Major reduction in hospital-onset Staphylococcus aureus bacteremia in Australia - 12 years of progress: An observational study

Brett G. Mitchell*, Peter J. Collignon, Rebecca McCann, Irene J. Wilkinson, Anne Wells

*Corresponding author for this work

    Research output: Contribution to journalArticlepeer-review

    42 Citations (Scopus)

    Abstract

    Background. Staphylococcus aureus bacteremia (SAB) is a serious cause of morbidity and mortality. This longitudinal study describes significant reductions in hospital-onset SAB (HO-SAB) in Australian hospitals over the past 12 years. Methods. An observational cohort study design was used. Prospective surveillance of HO-SAB in 132 hospitals in Australia was undertaken. Aggregated data from all patients who acquired HO-SAB was collected (defined as 1 or more blood cultures positive for S. aureus taken from a patient who had been admitted to hospital for <48 hours). The primary outcome was the incidence of HO-SAB, including both methicillin-resistant (MRSA) and methicillinsusceptible (MSSA) S. aureus strains. Results. A total of 2733 HO-SAB cases were identified over the study period, giving an aggregate incidence of 0.90 per 10 000 patient-days (PDs) (95% confidence interval [CI], .86-.93). There was a 63% decrease in the annual incidence, from 1.72 per 10 000 PDs in 2002 (95% CI, 1.50-1.97) to 0.64 per 10 000 PDs (95% CI, .53-.76) in 2013. The mean reduction per year was 9.4% (95% CI, -8.1% to -10.7%). Significant reductions in both HO-MRSA (from 0.77 to 0.18 per 10 000 PDs) and HO-MSSA (from 1.71 to 0.64 per 10 000 PDs) bacteremia were observed. Conclusions. There was a major and significant reduction in incidence of HO-SAB caused by both MRSA and MSSA in Australian hospitals since 2002. This reduction coincided with a range of infection prevention and control activities implemented during this time. It suggests that national and local efforts to reduce the burden of healthcareassociated infections have been very successful.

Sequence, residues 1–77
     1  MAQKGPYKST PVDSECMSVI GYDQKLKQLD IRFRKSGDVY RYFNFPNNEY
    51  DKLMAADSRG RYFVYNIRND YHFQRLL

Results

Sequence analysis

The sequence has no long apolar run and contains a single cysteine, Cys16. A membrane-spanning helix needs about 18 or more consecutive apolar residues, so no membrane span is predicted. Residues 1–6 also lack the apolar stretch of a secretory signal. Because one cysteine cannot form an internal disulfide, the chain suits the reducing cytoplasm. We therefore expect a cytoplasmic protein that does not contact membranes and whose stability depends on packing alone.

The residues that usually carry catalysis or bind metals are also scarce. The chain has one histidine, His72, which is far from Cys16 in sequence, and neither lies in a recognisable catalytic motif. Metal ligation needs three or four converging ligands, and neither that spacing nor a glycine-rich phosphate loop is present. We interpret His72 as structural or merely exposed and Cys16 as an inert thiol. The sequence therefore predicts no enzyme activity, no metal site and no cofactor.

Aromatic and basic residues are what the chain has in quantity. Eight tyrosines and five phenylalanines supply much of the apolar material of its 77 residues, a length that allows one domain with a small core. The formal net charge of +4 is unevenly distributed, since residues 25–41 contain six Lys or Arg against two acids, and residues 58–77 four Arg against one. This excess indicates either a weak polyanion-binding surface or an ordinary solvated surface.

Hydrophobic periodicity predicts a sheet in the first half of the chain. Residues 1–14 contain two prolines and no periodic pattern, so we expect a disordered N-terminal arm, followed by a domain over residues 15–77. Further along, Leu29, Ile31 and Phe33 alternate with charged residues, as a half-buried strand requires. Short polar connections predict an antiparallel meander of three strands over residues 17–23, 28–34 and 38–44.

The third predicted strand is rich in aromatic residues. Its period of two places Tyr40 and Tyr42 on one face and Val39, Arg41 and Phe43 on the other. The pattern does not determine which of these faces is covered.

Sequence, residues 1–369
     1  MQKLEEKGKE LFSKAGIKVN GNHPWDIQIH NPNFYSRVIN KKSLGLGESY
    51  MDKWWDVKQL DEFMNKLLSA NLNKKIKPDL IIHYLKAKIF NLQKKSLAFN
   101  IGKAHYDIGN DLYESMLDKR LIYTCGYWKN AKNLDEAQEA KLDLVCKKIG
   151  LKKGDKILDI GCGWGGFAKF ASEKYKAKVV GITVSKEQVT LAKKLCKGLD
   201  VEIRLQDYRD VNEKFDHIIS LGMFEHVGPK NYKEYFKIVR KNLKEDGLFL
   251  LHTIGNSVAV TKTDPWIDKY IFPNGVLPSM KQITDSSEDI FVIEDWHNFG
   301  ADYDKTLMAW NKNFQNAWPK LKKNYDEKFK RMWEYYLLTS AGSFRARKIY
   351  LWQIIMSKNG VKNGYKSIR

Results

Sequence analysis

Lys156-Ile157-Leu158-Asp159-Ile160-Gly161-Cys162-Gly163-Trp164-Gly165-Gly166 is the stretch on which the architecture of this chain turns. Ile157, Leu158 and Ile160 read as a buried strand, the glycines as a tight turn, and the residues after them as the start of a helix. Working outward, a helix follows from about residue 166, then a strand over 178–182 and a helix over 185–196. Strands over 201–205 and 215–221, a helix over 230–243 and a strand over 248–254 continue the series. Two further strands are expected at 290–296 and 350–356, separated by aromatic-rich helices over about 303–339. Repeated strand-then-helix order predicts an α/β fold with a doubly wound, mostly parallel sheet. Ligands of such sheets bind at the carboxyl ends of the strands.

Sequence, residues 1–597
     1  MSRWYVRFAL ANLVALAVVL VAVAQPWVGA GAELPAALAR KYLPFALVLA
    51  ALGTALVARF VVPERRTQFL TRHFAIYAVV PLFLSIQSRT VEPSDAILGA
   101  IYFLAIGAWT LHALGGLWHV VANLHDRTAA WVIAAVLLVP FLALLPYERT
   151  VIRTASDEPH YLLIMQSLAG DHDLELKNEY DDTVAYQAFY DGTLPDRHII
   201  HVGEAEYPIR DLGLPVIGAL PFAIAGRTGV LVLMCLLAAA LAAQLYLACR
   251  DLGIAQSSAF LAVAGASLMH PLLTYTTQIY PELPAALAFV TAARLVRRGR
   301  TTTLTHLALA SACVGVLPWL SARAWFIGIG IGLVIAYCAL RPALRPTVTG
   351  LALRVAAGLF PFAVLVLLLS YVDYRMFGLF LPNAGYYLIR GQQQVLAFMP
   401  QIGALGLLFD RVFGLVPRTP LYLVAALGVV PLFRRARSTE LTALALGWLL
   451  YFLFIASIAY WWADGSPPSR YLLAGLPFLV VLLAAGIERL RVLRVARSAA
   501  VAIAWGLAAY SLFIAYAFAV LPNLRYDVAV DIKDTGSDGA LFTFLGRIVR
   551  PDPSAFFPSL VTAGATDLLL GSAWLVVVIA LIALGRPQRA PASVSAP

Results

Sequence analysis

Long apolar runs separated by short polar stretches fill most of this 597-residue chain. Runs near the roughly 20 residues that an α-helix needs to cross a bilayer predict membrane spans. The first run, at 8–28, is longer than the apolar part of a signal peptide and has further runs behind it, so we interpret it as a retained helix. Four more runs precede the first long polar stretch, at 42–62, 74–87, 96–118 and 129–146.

Original languageEnglish
    Pages (from-to)969-975
    Number of pages7
    JournalClinical Infectious Diseases
    Volume59
    Issue number7
    DOIs
    Publication statusPublished - 1 Oct 2014

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